(Updated at 10:45am Tuesday)
Joe Krozel's New York Times crossword is, well, it's, in a word ... awesome. It's a Thursday puzzle dressed up (or maybe dressed down) to look like a Tuesday puzzle. Or maybe it's just a Tuesday puzzle in a Thursday puzzle's grid. I would have liked this theme a lot on Thursday, but the fill was definitely Tuesday level. Should I stop babbling about the days of the week and get to the specifics already? If you haven't figured out the theme yet — and I'm guessing there are a few people out there who haven't — you might want to sit down because this is going to blow your mind.
The puzzle is symmetrical. No, not just the grid. The letters in the grid. Check it out: TED at 1 Across in the northwest corner mirrors DET at 72 Across in the southeast corner. And, yeah, keep going. It works through the Whole. Damn. Puzzle. I don't care who ya are, that's impressive. Nicely done, Joe. (Is it okay if I call you Joe? How about Krozie?)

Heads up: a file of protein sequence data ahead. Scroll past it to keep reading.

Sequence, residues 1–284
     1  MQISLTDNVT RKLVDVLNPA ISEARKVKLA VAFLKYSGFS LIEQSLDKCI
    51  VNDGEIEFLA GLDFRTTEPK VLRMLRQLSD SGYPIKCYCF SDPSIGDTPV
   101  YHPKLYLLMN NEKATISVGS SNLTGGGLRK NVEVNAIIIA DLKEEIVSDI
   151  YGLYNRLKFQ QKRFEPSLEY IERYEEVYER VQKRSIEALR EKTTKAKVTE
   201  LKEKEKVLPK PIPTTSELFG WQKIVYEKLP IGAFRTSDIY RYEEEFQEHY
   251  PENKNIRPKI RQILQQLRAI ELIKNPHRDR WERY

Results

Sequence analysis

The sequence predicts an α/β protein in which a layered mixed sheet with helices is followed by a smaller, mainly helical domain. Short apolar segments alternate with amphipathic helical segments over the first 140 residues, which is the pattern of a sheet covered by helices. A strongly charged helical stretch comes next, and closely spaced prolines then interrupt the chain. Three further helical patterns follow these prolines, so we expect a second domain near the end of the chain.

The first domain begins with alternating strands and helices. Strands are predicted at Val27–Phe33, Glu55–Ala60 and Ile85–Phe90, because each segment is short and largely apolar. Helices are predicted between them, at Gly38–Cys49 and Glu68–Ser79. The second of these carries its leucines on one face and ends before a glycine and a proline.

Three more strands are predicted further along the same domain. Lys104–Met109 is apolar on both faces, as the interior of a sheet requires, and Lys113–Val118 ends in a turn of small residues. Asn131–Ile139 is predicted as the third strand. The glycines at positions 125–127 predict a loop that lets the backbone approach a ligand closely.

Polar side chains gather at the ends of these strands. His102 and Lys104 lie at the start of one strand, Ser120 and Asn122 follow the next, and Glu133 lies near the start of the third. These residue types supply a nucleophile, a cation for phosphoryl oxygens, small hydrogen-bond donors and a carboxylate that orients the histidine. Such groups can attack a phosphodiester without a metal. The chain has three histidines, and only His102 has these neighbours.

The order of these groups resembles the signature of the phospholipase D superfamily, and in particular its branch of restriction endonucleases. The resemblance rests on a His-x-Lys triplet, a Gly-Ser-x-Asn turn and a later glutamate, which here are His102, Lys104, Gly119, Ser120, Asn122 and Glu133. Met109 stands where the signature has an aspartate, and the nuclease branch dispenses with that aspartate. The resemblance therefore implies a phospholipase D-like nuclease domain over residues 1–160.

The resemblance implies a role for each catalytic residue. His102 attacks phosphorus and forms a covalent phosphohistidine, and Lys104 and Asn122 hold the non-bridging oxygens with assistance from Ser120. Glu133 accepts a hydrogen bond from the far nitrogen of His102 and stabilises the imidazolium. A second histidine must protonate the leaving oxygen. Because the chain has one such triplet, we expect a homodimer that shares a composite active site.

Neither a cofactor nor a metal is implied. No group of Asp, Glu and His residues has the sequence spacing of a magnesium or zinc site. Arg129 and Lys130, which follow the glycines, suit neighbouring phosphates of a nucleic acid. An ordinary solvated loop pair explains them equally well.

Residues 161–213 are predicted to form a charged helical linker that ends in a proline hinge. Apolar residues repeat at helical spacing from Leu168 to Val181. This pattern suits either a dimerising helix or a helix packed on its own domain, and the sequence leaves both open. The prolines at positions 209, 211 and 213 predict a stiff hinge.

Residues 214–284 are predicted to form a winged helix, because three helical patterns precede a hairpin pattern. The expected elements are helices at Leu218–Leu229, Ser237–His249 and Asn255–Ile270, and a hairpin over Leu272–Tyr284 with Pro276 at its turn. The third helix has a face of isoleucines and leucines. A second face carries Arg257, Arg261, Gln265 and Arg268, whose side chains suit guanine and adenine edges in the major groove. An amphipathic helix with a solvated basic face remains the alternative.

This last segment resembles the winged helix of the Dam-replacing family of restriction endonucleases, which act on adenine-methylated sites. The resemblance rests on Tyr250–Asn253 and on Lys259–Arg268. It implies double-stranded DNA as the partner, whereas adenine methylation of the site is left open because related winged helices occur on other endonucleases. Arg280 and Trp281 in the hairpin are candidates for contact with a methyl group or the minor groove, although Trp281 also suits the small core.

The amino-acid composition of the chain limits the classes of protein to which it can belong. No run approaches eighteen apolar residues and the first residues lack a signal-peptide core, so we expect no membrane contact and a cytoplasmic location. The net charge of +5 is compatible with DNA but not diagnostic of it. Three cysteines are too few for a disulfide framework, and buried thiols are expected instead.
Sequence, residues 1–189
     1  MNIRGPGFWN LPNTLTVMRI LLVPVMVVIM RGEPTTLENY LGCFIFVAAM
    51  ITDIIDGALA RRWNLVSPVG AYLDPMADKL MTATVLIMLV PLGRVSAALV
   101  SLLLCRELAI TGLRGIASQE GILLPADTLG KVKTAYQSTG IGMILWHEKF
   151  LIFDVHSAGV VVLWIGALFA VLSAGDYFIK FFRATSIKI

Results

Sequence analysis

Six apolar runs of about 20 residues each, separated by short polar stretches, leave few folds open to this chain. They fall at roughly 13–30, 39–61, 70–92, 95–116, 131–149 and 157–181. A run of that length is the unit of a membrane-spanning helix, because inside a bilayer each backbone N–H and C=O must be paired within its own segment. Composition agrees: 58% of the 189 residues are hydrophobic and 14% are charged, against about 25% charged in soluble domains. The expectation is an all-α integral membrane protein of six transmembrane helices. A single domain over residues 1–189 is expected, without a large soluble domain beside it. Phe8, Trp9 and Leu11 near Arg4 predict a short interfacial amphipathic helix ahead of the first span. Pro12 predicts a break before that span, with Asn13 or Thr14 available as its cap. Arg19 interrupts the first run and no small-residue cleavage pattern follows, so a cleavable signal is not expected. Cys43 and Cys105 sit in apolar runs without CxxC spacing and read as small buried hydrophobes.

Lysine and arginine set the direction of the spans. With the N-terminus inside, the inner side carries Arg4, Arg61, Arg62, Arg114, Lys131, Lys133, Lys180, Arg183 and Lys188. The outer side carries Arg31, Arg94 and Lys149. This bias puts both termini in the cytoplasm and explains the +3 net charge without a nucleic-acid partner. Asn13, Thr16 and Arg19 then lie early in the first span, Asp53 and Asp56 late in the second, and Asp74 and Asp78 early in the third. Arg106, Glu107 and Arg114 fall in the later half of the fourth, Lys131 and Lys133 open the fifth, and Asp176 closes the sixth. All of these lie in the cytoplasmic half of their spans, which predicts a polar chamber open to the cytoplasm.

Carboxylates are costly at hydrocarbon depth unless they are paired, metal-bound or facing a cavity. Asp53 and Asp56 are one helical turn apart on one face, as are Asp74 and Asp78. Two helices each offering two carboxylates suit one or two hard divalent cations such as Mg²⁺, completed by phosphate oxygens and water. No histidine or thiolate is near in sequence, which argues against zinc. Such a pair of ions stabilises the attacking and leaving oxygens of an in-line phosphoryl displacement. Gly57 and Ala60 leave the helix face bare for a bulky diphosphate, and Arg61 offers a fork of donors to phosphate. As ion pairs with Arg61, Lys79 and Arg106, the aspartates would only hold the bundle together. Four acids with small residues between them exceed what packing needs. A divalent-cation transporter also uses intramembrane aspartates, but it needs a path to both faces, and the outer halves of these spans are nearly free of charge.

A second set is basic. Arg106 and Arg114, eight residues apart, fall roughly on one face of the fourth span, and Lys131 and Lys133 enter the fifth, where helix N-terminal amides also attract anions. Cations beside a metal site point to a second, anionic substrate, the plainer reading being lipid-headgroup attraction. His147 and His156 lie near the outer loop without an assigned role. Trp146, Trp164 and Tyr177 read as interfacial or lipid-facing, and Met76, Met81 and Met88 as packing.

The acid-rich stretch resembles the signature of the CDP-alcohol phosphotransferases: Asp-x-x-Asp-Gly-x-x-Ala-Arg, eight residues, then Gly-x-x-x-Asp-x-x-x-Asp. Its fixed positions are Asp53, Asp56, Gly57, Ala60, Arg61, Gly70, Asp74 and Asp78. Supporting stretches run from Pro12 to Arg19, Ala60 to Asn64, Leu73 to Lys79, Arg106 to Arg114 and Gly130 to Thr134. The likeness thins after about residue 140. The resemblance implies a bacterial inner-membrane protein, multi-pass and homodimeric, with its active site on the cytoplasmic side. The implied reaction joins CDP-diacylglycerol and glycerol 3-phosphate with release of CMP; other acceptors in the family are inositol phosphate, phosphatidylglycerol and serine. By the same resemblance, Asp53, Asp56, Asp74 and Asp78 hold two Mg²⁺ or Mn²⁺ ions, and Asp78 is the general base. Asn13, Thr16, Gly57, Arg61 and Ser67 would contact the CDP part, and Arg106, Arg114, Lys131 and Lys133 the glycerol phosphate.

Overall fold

Obviously, with the restrictions posed by the theme, some of the fill is going to be iffy, but I'm just going to let it go because the symmetry is so very cool. I'm not going to say much about this puzzle. But you should take the time that you would typically spend reading my commentary and admire the puzzle some more. I'll just tell you the one thing that made me laugh while I was solving. What does it say about me that when I saw the clue [Eat by candlelight, say] I thought of a power outage and not, ya know, a romantic dinner. Sheesh!
Whoa! Complicated theme and "A Flurry of Activity" in Brent Sverdloff's Sun crossword today! The four letters in the corners of the grid — W, O, S, and N — are circled, as is the letter R in the center of the grid. The notepad explains that the five circled letters can be arranged to form a word that rhymes with the first part of the starred clues. That word is SWORN. In addition, the four letters in the corners can be arranged to form a word that can precede the second part of the starred clues: SNOW. So here we go. Starred clues are: